• Mind-related Approaches:
    • The first step is perhaps the most important.
      • To become more aware of the right arm by periodically checking in, when in kamae, if the right fist, arm and/or shoulder is tight or loose.
        • This check can be performed during basic practice outside of keiko or during keiko when at a safe distance from the opponent.
      • A relaxed right arm in keiko at the dojo, a shinsa or shiai is probably better to acquire earlier than later.
        • Generally, the longer the life of a habit, the more entrenched and more difficult it becomes to change or fix.
    • If the arm is tight, I consciously try to loosen the arm muscles, the grip in the right hand (especially in the thumb and index finger) and the right shoulder especially if it is raised.
    • In case the arms are tight due to thoughts, anxieties or fears, such as those mentioned above, then the tips in the section “Mind-related (Psychological) Approaches” in this article [KendoNotes_Calm] may help.
      • Practicing meditation to develop more awareness of the thoughts and a better ability to manage one’s attention, as described in the articles under the category of “Mindfulness and Meditation” may help.
    • Some teachers suggest imagining that the right hand is cradling an egg – perhaps as a means to encourage a more relaxed grip.
      • As this may run counter to the teachings of others, more details on how to grip the shinai can be found at [KendNotes_Grip]
  • Physical Approaches
    • During keiko:
      • I have found a large and extended kiai or hassei (yell) very helpful in relaxing the muscles – at the very start of a match (or other times) when at a safe distance from the opponent.
      • In addition to consciously relaxing the arms as mentioned earlier, placing more power and tension in the core area (the tanden).
      • I have seen some perform a shoulder twitch where one shoulder and then the other shoulder is raised and lowered in quick succession – where even the hips may be wiggled as if drawing the letter ‘S’ with the body.
    • Outside of keiko:
      • Practicing jōge-suburi (上下素振り) in slow motion and consciously relaxing the right arm.
        • Closing the eyes helps direct attention to the arms.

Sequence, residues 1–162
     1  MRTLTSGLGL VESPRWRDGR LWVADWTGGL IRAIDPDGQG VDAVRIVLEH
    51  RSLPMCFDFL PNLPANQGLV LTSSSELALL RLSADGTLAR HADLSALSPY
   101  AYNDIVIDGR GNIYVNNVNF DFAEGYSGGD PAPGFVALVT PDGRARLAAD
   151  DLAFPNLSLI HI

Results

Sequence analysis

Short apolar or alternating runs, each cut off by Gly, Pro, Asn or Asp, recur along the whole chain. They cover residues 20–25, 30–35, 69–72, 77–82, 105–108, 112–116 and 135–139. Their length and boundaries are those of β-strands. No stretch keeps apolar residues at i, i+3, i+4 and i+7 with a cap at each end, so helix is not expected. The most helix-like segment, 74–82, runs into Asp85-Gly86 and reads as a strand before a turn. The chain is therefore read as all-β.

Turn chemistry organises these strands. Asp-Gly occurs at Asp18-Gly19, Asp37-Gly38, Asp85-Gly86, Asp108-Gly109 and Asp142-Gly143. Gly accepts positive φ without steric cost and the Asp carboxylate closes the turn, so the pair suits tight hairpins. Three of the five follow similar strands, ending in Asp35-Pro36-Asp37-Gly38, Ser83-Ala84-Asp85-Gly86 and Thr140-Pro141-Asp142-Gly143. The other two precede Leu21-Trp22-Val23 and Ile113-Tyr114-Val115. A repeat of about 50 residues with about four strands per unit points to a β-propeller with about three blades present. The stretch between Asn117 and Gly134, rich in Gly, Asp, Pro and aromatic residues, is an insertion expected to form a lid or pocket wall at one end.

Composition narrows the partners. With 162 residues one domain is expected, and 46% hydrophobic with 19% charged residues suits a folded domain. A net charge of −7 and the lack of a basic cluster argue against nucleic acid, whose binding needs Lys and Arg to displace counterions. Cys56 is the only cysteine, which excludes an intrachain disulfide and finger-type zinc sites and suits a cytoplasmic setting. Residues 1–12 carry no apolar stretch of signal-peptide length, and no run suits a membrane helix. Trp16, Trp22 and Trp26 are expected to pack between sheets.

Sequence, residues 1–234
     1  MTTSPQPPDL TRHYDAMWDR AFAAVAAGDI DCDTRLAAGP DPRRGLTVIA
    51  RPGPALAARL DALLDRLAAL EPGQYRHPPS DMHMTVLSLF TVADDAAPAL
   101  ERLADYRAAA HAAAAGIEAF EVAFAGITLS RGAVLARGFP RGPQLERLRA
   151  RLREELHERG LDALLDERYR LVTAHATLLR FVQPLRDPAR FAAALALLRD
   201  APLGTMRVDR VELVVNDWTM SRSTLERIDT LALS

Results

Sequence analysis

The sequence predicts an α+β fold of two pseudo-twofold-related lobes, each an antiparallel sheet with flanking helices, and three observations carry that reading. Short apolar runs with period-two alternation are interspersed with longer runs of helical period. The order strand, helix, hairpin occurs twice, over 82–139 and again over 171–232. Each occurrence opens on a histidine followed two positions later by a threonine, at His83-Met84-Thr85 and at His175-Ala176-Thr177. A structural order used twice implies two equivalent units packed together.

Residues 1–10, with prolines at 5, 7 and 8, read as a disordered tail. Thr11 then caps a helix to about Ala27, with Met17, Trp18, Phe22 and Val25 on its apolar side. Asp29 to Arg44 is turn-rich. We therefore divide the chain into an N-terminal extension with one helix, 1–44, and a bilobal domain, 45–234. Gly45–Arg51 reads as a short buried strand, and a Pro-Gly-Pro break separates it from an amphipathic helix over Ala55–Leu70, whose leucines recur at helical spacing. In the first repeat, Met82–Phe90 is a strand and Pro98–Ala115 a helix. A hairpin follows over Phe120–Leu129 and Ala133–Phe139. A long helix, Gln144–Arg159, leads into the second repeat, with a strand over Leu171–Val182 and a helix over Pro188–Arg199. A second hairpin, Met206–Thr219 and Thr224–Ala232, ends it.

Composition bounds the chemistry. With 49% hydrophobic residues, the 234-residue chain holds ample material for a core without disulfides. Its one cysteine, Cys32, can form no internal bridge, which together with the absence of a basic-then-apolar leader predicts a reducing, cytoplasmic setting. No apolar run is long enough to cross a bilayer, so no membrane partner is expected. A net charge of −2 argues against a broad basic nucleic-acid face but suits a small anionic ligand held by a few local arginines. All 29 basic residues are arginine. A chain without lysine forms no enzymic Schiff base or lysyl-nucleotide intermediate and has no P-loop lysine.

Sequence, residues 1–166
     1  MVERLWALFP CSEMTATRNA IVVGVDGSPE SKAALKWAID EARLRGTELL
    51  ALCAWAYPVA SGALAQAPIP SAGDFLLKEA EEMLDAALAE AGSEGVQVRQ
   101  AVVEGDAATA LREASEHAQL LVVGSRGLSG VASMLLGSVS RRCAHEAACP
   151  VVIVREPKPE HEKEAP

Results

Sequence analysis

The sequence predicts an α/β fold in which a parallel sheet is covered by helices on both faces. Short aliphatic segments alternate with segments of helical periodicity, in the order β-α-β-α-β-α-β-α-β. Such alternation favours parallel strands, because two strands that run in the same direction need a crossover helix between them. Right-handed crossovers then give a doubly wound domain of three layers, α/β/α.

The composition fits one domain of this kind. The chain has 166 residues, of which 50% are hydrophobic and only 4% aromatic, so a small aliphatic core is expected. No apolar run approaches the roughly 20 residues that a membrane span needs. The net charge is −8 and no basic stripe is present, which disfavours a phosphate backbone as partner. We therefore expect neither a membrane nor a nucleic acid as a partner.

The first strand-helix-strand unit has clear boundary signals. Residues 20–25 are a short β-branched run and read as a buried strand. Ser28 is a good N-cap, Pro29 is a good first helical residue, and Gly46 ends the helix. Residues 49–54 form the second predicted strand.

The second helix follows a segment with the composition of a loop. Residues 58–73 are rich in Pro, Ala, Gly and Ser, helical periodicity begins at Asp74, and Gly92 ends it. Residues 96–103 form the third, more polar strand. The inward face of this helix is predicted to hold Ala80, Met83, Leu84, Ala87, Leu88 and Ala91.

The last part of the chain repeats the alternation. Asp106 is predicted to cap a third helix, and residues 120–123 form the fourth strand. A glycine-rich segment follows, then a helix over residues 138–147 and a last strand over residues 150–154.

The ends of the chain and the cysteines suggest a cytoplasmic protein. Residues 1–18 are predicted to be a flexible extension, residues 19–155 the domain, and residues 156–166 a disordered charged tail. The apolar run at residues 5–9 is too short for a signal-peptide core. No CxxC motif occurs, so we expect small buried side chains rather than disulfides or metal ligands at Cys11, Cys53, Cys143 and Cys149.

• In case the muscles are constantly tight to begin with, then stretching or deep-tissue massage therapy of the muscles before or after practices (as also described in [KendoNotes_DeepMassage]).
      • Developing stronger muscles in the left arm, wrist and hand to support the weight of the shinai.   This may come gradually with time and suburi.

Wrap-Up

To help motivate the importance and value of a relaxed right arm, I sometimes describe the following imagery for the beginners:

Imagine being a gunslinger in a duel.  Would you rather have a tight arm or relaxed arm?

May you be as fast or faster than Quick Draw McGraw (a cowboy cartoon character from years ago)!


References

[KendoInfo_Shikai] Geoff Salmon, “The four sicknesses “shikai” – is there a cure?” KendoInfo.Net, April 13, 2015.

[KendoNotes_Calm] Young, “Ways to Calm the Mind and Body for Shinsa and Shiai (Part 1),” KendoNotes.com, Oct 13, 2017.

[KendoNotes_DeepMassage] Young, “Deep-Tissue Self-Massage Therapy,” KendoNotes.com, Sept 12, 2016.

[KendoNotes_”O” Sensei] Young, “Really Seeing the Opponent and Opportunities to Strike, – Part 1: “O” Sensei,” KendoNotes.com, Mar 3, 2019.

[KendNotes_Grip] Young, “Relative Grip Strengths – Between the Hands and Digits (Overview),” KendoNotes.com Nov. 1, 2017.

[KendoNotes_TightShoulders] Young, “Ways to Relax Tight Shoulders (肩に力を抜いて!),” KendoNotes.com, May 10, 2017.

Copyright 2019 Kendonotes.com